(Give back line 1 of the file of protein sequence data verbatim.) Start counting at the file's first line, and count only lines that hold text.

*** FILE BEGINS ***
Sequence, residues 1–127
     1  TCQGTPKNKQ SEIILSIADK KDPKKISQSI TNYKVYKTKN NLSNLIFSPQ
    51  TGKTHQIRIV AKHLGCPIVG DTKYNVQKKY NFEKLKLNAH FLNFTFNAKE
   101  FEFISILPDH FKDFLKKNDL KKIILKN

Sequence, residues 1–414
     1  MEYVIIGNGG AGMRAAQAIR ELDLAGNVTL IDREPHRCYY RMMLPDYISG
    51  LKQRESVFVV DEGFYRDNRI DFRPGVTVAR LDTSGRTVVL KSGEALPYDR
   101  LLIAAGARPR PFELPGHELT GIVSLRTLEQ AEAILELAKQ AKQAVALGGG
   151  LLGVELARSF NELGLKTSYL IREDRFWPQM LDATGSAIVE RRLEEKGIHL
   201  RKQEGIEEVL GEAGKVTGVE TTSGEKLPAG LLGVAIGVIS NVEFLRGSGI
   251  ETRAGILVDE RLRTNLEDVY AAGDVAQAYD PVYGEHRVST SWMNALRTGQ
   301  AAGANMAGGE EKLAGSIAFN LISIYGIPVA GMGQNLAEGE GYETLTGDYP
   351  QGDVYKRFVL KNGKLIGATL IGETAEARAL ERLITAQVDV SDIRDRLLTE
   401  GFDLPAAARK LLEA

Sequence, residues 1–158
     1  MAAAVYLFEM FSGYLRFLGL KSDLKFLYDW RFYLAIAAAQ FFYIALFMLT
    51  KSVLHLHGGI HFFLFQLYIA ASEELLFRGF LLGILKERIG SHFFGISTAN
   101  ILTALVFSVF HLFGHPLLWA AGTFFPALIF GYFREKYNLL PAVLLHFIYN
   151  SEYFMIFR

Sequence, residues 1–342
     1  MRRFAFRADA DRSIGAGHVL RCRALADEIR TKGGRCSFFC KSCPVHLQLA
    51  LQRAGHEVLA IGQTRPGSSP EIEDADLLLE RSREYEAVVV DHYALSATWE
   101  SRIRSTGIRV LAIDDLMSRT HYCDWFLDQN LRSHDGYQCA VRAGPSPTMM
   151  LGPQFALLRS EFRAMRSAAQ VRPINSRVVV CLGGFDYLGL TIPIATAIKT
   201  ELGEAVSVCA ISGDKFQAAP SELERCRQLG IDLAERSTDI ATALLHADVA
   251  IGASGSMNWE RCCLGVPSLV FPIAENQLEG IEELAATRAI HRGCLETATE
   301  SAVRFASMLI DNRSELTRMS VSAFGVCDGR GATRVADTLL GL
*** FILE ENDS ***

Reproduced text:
Sequence, residues 1–127